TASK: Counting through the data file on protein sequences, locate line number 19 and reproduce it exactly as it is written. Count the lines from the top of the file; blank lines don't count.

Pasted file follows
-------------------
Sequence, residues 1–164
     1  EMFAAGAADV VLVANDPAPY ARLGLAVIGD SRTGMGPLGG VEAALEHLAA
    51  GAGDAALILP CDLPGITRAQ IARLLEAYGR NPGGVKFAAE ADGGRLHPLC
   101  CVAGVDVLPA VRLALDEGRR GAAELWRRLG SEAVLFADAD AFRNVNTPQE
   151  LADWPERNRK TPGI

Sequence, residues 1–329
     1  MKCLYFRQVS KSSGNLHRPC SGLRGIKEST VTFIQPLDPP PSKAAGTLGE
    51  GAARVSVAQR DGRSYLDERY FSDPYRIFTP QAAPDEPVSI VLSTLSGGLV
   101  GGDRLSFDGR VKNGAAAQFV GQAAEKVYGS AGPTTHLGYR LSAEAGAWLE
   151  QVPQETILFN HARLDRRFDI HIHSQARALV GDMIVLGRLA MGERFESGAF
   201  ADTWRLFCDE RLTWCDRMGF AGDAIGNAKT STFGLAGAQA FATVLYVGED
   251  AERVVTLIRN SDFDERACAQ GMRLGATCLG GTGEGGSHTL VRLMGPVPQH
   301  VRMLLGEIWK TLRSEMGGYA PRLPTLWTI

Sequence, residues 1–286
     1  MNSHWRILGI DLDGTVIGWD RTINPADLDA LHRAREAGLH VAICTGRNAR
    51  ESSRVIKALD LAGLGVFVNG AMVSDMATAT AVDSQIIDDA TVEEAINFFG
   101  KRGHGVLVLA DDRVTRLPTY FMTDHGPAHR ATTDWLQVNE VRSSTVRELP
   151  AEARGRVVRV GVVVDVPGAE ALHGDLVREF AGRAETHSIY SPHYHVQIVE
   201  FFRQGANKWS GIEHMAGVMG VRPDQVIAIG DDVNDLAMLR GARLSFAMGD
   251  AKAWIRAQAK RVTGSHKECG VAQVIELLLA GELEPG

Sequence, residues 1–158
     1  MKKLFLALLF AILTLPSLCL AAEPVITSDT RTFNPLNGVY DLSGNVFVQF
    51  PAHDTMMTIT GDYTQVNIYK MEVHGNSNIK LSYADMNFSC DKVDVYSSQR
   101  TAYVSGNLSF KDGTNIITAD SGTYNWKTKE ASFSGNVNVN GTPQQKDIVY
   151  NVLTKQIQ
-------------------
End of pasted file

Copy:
   201  FFRQGANKWS GIEHMAGVMG VRPDQVIAIG DDVNDLAMLR GARLSFAMGD